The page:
FlockTAG has grown its average transactions per day at a location to 30. It’s users per location is now up to 1,100. Both numbers are up 20 percent over the last year.

"We have several locations where there are more than 200 transactions per day," Lin says.

Lin adds that FlockTAG has been able to drive up those numbers because his team (which stands at 15 people after making seven hires over the last year) has gotten better at its job. Specifically helping keep new stores using the FlockTAG software.

"It's about helping the vendors when they need it," Lin says. "When you bring on a vendor you need to help them so they understand the platform."

Source: David Lin, co-founder & CEO of FlockTAG
Writer: Jon Zemke

Read more about Metro Detroit's growing entrepreneurial ecosystem at SEMichiganStartup.com.

Kentaro aims to help smokers quit with new project

Kentaro has made a name for itself over the last four years building websites and creating its own sites.

Last year it created a lead-generation service for real-estate professionals called Real Estate Esspresso. Today the Ann Arbor-based firm is working on a new site to help people quit smoking.

"We're looking to diversify into a few different industries," says Kentaro Roy, founder & president of Kentaro.

Kentaro is currently building out an online smoking cessation program called QuitSmokingCommunity.org.

"We felt there was a void in the market," Roy says. "All of the smoking cessation websites were outdated."

Kentaro still continues to build on its custom website work for its clientele. The firm is adding more customers in the real-estate and manufacturing sectors. It is also adding more work from law firms. That bump in work has allowed Kentaro to add a new web developer over the last year, expanding its staff to five people.

Source: Kentaro Roy, founder & president of Kentaro
Writer: Jon Zemke

Read more about Metro Detroit's growing entrepreneurial ecosystem at SEMichiganStartup.com.

Pillar Tech moves downtown to accommodate growing staff

Pillar Technology Group is on the move in Ann Arbor and is hiring about as many people as it can find.

The Columbus-based technology firm specializes in software and consulting services. It customer base is spread across the Great Lakes region and features companies in a broad range of industries, such as automotive, financial, and telecommunications, among many others.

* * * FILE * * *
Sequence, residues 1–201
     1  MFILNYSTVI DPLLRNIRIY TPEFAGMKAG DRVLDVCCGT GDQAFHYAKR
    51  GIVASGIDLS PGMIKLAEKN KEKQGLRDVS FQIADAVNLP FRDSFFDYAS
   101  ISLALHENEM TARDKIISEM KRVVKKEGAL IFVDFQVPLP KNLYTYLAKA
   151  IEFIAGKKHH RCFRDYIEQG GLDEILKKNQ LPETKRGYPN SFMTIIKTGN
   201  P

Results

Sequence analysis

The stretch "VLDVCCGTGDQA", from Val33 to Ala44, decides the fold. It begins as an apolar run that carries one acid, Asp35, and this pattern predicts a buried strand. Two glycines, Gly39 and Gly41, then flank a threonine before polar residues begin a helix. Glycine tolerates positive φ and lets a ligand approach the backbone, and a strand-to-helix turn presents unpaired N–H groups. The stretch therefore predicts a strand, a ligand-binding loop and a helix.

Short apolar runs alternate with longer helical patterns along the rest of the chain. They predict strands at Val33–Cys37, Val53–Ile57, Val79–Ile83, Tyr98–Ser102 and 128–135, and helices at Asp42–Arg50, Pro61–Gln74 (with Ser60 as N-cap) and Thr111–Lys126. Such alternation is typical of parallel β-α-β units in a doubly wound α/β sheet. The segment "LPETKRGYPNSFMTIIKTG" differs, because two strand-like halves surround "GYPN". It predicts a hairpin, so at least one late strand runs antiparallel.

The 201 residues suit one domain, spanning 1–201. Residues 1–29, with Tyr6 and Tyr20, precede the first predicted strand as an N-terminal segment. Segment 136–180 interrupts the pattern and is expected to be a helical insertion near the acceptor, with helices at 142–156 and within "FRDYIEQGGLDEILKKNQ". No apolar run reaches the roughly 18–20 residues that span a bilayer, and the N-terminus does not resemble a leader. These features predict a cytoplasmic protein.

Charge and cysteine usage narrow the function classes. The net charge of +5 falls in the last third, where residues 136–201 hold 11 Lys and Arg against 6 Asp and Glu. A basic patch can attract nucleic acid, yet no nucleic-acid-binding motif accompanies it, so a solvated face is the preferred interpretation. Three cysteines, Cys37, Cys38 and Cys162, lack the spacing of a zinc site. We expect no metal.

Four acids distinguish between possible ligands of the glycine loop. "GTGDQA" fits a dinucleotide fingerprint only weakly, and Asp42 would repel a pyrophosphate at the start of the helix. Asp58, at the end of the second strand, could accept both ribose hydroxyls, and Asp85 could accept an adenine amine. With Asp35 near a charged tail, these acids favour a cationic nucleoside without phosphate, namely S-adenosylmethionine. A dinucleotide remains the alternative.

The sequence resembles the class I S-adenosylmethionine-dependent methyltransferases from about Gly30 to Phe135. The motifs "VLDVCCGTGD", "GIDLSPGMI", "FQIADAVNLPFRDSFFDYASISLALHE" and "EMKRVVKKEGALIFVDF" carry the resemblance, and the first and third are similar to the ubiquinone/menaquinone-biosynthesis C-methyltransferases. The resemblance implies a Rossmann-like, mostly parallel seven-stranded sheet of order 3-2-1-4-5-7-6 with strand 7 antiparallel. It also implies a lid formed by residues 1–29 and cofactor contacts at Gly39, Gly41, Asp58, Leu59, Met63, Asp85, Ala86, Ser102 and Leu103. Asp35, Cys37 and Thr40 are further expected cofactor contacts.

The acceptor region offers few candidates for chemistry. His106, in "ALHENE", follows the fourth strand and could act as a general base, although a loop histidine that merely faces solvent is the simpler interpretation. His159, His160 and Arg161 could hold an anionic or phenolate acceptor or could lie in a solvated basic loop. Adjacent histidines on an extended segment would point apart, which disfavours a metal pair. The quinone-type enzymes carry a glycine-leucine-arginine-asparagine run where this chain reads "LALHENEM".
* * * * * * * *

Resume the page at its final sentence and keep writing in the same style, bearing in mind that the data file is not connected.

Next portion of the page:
About a third of its workforce (45 people) is based in Ann Arbor. For a long time, the Ann Arbor office called Tech Brewery home but a recent spate of hires (15 software developers over last year) meant it had to find a bigger home quickly.

"It was a nice space but it was just too small," says Charles Fry, regional vice president of Pillar Technology Group. Tech Brewery has made a name for itself as a entrepreneurial collective for tech startups. Think a large collective of startup teams of six people or less.

Pillar Technology Group has just signed a lease to take the entire seventh floor (10,000 square feet) of the office building at 301 E Liberty St. The company expects to move into the space by this fall, at which point it should have filled a number of the 20 open positions it has right now.

"We will probably be at 50 or 60 people by the time we move in," Fry says. "As long as the economy doesn't do something stupid on us we could see being at 100 people over the next couple of years."

Pillar Technology Group also considered a number of other different locations for its new home. Some of them include offices outside of Ann Arbor, including Detroit.

"Our team really like Ann Arbor," Fry says. "Most of the people have made their life decisions to live in or near Ann Arbor."

Source: Charles Fry, regional vice president of Pillar Technology Group
Writer: Jon Zemke

Read more about Metro Detroit's growing entrepreneurial ecosystem at SEMichiganStartup.com.

All Media Network adds people to downtown Ann Arbor office

When All Media Network moved its Ann Arbor office from near the city's airport to a space above Cafe Felix on Main Street last fall it served both aesthetic and utilitarian purposes.